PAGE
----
The U.S. has already dispatched naval forces toward the eastern Mediterranean toward Syria’s shores. If Obama decides on military action, U.S. administration and defense officials in recent days have said the most likely move would be the launch of Tomahawk missiles off ships in the Mediterranean.
Syrian officials have urged the U.N. inspectors to extend their mission to investigate what the regime alleges are three chemical attacks against Syrian soldiers this month in the Damascus suburbs.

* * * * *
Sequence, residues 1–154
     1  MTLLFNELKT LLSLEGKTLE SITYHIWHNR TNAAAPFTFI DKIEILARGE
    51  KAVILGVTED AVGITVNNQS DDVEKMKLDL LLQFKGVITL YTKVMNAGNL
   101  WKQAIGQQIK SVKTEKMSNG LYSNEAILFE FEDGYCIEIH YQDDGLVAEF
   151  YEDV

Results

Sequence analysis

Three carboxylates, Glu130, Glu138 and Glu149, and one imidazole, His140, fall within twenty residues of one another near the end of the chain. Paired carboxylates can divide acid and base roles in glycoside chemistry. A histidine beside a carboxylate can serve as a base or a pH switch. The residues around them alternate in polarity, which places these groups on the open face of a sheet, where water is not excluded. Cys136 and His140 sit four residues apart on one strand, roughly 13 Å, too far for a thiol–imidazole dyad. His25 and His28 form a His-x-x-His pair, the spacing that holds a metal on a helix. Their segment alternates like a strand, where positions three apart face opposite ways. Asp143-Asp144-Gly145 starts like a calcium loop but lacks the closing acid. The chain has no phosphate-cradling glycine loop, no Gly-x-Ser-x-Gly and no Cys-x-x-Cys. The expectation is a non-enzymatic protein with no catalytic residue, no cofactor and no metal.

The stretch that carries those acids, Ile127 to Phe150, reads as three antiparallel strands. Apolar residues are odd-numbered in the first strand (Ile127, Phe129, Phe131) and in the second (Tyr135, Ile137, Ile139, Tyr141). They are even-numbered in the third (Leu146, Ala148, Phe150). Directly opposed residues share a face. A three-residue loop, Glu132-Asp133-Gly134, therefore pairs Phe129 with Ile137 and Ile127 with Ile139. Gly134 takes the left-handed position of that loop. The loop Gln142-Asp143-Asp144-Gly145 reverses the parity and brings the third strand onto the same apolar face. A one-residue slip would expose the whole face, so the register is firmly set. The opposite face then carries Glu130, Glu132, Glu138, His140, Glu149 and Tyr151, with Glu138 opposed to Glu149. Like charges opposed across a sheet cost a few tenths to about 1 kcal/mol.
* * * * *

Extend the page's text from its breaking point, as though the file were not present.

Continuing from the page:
Haq, the U.N. spokesman, said the U.N. team will leave despite the government’s request, although the appeal is being given serious consideration and that the experts intend to return to Syria to investigate other incidents.
The brief meeting of the Security Council permanent members was the second time in two days they had met on Syria.
In a tension-filled meeting Wednesday, the U.S., Britain, France, China and Russia discussed a resolution proposed by Britain to authorize the use of military force against Syria. Moscow firmly opposes military action.
Lucas reported from Beirut. Also contributing reporting were Associated Press writers Yasmine Saker and Karin Laub in Beirut, Gregory Katz and Raphael Satter in London, Sylvie Corbet and Jamey Keaten in Paris, Alexandra Olson and Peter James Spielmann at the United Nations, and George Jahn in Vienna contributed reporting.